Aggregate and Distributional Impacts of Housing Policy: China's Experiment

What's the role of credit conditions in housing booms and busts and what are the distributional consequences of housing booms and busts across households of different characteristics? Chen, Wang, Xu, and Zha take China's recent changes in housing policy as an experiment to address these two key issue. During 2014Q4-2016Q3, China relaxed its housing policies by reducing the minimum down payment ratio of non-primary houses from 60-70 percent to 30 percent. By exploiting two unique micro-level data sets, the researchers find that that this policy change induced a significant increase in mortgage credit demand among high-educated middle-aged households, while crowding out mortgage credit to young households. Moreover, consumption growth by middle-aged high-educated households slowed down following this policy change. To quantify the aggregate and distributional impacts of housing policies, the researchers construct an overlapping-generations economy with household heterogeneity and calibrate it to match various aggregate and cross-sectional moments of China. The policy experiment suggests that a cut in the minimum down payment ratio for non-primary houses involves a self-enforcing effect on housing demand via equilibrium housing price: a reduction in the down payment ratio for non-primary housing triggers an initial housing price increase. This, in turn, generates capital gains for homeowners before the policy change and allows them to switch to a larger house by overcoming the credit constraint for housing investment. Such a process is self-enforcing via the equilibrium housing prices due to the interaction between stronger housing demand and higher housing price.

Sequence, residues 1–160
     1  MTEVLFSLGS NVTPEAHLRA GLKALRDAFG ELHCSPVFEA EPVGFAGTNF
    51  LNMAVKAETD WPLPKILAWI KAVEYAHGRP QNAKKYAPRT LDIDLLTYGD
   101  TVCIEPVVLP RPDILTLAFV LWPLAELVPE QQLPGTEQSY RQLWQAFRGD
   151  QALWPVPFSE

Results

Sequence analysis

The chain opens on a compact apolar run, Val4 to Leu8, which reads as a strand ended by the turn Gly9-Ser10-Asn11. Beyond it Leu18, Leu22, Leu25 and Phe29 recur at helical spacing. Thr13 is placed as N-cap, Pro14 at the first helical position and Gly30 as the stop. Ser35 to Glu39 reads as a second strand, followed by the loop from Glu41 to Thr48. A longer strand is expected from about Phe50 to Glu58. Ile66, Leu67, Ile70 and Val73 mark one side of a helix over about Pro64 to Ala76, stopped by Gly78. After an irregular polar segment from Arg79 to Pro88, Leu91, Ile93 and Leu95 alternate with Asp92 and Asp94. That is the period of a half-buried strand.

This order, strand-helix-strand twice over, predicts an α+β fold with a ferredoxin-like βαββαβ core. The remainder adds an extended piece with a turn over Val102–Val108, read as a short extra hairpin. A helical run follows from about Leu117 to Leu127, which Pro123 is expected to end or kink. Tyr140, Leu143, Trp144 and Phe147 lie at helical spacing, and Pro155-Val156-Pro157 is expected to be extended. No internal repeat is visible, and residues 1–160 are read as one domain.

Ran Duchin, University of Washington; Zhenyu Gao, Chinese University of Hong Kong; and Haibing Shu, Shanghai Jiaotong University

Involuntary Political Connections and Firm Outcomes

Using a unique setting in China, where the geographic distance between firms and local governments is set exogenously, Duchin, Gao, and Shu investigate the role of government involvement in small firms that lack the resources to cultivate political connections. Distant firms, with weaker government involvement, have better operating performance and higher growth and entry rates. The researchers find similar effects around exogenous government relocations, and weaker effects when the legal system is more developed, when road infrastructure is better, and following adverse economic shocks. Furthermore, distance from government increases firm autonomy, and reduces taxes, protectionism, and anti-competitive behavior.